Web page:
Table of Contents Hide
- What is an Unsecured Credit Card?
- Unsecured Credit Cards for Bad Credit
- What is the difference between secured and unsecured credit?
- Is an unsecured credit card good?
- How do you use unsecured credit?
- What is an unsecured credit limit?
- What is a perfect credit score?
- What credit score is needed for an unsecured credit card?
- Unsecured Credit FAQs
- What types of credit are unsecured?
- What happens if I don’t pay my unsecured loan?
- What are three examples of secured credit?
Credit cards have become almost ubiquitous in modern life. When people talk about credit cards, they usually mean unsecured credit cards, which don’t require any collateral, such as a deposit, to be approved. The most common credit cards are unsecured credit cards. Individuals with poor credit histories, or none at all, may have difficulty qualifying for one. Unsecured credit cards, unlike secured credit cards, do not require a deposit as collateral, so the credit limit is determined solely by the cardholder’s credit. Let’s look at how an unsecured credit card works, the difference between secured and unsecured credit cards, and a list of the best-unsecured credit cards for bad credit.
What is an Unsecured Credit Card?
The majority of credit cards on the market are unsecured credit cards. An unsecured credit card provides you with a line of credit that you can draw from and then pay off each month. Your eligibility and credit limit for an unsecured credit card are determined by the issuer’s assessment of your ability to make timely payments on any balances you have on your card.
When you apply for an unsecured credit card, the credit card company will look at your personal information, such as your annual income, as well as your credit score, to determine your eligibility. Because unsecured credit cards are not secured by a deposit, your card issuer will not have access to funds to handle any unpaid debt on your account. This is why, before approving an application, issuers consider several factors to determine the likelihood that you’ll be able to pay off the charges you put on your card.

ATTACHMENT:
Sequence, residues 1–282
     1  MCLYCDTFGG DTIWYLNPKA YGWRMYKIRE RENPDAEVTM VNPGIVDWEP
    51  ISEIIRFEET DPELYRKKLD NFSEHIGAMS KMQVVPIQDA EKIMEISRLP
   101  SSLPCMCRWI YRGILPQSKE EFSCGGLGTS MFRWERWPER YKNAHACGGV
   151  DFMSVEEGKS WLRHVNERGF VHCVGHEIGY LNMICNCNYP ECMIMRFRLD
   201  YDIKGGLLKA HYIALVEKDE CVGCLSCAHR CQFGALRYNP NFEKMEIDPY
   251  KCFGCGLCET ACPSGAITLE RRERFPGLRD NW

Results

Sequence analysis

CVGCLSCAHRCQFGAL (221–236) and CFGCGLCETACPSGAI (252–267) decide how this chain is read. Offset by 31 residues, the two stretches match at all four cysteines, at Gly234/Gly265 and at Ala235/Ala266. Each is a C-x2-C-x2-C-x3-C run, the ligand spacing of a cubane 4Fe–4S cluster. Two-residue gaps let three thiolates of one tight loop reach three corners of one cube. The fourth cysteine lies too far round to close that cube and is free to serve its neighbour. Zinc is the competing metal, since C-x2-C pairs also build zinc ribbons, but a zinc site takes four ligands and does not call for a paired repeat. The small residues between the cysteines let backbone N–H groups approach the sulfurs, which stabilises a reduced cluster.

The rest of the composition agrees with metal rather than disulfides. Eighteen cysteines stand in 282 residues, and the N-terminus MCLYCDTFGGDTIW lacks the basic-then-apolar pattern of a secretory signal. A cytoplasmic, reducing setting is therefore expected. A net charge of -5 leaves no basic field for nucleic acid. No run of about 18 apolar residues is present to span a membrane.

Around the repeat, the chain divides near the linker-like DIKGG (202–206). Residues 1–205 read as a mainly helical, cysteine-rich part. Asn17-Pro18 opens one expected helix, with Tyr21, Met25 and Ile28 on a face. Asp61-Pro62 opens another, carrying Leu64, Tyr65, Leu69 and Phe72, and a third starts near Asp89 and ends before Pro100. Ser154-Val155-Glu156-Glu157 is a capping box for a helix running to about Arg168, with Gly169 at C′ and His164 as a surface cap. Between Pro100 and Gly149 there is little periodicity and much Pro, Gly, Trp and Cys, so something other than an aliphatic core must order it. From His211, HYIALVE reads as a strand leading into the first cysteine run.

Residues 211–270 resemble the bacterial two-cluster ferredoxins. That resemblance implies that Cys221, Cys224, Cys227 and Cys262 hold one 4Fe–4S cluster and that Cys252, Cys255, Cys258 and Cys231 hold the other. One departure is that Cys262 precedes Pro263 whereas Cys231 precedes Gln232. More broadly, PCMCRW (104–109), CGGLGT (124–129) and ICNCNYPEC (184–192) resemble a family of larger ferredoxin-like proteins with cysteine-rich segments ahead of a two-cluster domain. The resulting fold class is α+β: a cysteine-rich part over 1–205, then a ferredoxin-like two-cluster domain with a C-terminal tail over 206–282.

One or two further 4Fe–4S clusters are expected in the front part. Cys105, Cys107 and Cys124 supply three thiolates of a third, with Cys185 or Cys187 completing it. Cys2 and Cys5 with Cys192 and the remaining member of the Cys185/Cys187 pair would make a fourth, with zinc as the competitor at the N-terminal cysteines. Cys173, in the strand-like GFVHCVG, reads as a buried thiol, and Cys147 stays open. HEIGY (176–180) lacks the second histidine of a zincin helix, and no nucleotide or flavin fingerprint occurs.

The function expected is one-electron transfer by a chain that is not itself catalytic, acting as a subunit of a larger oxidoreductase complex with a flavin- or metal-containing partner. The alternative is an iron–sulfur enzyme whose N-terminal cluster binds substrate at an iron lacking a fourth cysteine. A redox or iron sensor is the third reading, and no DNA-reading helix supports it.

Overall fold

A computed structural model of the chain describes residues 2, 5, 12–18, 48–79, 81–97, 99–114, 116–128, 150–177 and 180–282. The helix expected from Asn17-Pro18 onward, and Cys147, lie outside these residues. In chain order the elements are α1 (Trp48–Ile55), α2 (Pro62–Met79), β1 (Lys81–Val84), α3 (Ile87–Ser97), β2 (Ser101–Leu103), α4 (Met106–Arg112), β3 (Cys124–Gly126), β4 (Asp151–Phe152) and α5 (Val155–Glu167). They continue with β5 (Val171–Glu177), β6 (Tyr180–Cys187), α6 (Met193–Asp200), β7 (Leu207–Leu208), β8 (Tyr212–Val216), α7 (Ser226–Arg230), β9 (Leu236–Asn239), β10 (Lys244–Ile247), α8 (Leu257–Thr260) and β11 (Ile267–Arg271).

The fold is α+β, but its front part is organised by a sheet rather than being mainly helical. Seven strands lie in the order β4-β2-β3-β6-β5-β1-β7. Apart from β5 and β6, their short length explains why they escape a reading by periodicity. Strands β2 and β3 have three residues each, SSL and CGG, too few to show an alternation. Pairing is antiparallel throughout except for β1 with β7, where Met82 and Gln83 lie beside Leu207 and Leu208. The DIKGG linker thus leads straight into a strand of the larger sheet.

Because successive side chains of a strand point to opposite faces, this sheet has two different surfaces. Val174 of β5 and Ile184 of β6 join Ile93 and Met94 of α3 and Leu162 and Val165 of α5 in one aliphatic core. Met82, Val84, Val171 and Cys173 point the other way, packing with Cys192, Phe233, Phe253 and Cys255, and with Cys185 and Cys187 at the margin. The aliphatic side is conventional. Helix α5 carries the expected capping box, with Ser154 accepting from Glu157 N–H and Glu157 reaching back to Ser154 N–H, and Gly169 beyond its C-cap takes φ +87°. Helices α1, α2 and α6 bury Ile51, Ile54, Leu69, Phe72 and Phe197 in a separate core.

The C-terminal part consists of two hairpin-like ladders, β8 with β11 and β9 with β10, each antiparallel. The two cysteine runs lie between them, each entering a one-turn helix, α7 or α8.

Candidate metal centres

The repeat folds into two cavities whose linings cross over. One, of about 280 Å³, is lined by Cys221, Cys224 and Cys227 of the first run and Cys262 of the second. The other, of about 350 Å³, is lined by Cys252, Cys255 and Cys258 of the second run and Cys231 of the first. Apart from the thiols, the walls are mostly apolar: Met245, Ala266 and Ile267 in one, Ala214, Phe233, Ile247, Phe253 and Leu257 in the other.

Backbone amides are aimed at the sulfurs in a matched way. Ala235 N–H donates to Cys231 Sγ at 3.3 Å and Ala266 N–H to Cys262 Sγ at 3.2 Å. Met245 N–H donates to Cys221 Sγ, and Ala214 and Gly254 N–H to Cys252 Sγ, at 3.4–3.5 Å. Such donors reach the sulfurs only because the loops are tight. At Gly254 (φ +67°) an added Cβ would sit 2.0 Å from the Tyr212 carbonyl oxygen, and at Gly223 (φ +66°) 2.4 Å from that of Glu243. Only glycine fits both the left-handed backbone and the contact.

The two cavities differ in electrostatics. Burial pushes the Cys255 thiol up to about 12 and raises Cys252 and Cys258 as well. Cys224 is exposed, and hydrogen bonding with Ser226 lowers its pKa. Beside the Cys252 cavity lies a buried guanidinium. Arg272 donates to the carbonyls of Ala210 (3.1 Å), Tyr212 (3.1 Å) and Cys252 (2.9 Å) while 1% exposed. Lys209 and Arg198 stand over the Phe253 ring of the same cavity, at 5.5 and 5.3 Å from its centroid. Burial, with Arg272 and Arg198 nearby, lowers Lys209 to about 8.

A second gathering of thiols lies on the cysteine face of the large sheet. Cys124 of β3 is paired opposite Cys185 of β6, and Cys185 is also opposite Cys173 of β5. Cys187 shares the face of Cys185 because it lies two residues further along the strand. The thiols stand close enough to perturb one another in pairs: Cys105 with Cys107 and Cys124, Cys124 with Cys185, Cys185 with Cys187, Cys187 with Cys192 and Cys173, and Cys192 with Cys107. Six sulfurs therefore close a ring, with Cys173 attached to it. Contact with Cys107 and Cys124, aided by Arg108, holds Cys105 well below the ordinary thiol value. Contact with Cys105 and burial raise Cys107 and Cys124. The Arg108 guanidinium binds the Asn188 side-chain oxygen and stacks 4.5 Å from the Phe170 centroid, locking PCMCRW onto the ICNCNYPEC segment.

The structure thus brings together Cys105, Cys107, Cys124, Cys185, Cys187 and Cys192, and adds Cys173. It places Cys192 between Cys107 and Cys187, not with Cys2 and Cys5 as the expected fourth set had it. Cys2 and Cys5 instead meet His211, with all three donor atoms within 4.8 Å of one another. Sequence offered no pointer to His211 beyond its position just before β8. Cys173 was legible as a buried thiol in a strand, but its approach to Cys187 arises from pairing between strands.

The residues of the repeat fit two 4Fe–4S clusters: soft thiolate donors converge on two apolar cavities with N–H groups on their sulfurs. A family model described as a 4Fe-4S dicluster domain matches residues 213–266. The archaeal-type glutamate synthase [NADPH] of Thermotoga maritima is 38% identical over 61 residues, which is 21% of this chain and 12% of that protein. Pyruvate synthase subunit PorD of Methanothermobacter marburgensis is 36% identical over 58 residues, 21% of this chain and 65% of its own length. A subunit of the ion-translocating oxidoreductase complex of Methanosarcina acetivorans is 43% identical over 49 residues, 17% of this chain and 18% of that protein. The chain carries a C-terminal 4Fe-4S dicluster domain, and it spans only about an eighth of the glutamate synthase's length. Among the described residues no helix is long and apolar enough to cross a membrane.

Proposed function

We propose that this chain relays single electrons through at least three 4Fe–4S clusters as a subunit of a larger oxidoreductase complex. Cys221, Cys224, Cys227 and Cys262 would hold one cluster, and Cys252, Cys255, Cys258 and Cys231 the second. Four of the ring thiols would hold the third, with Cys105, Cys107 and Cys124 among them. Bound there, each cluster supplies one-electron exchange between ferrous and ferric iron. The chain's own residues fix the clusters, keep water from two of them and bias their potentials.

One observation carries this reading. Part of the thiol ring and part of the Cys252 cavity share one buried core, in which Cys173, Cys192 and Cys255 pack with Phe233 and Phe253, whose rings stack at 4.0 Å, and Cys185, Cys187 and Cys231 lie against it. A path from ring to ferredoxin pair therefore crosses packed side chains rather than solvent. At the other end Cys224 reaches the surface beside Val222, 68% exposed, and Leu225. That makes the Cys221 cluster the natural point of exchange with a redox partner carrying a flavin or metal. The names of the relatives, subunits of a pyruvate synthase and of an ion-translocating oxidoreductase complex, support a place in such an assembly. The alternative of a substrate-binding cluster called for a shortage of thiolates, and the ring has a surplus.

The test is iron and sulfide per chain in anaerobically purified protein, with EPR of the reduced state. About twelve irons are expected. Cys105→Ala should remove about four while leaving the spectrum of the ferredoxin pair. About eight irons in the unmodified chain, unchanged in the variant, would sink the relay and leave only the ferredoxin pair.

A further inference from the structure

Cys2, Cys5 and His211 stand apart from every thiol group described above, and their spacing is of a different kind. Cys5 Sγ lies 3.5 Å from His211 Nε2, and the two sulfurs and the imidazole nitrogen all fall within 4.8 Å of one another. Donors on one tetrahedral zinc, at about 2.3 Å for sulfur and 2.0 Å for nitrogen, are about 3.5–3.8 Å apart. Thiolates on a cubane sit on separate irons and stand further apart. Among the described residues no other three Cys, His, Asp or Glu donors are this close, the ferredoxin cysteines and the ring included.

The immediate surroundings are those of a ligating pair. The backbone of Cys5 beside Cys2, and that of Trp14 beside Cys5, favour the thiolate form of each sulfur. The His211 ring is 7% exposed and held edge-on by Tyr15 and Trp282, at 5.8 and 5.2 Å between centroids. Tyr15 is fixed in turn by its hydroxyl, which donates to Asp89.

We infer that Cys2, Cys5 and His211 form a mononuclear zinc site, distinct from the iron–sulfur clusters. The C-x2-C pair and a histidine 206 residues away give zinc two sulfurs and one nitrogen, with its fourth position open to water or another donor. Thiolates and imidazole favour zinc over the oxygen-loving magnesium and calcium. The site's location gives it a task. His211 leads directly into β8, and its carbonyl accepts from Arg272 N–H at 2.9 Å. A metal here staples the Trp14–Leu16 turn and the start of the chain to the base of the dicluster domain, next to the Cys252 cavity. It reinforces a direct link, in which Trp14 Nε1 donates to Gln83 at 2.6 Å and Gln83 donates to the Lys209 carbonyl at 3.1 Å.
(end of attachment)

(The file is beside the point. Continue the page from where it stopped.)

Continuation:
Unsecured Credit Cards for People with Various Credit Scores
Numerous factors determine whether you are eligible for an unsecured credit card.
Among these factors are your credit reports and credit scores. This is because your credit reports and scores provide lenders with information about your credit history and current credit situation. According to the Consumer Financial Protection Bureau, “a credit score predicts your likelihood of repaying a loan on time.”
#1. Good and Excellent Credit Scores
Consumers with higher credit scores may have more credit card options than those with lower credit scores. Good credit scores are usually the result of responsible behavior, such as making on-time payments and not applying for more credit than you need.
Some unsecured cards are only available to people with good credit, which, according to FICO, ranges from 670 to 739. VantageScore® score of 661 to 780 is considered good. However, keep in mind that lending decisions are ultimately made by credit card issuers, not credit-scoring companies.
#2. Fair Credit Scores
If you have less-than-perfect credit, you may be wondering what options you have for unsecured credit cards.
Unsecured cards may be available to those with what is considered fair credit. Fair credit scores can differ depending on credit-scoring models and the companies that calculate them.
FICO scores ranging from 580 to 669 are considered fair. VantageScore’s acceptable range is typically between 601 and 660. Credit scores can be improved by using credit responsibly, such as paying down debts and avoiding late payments.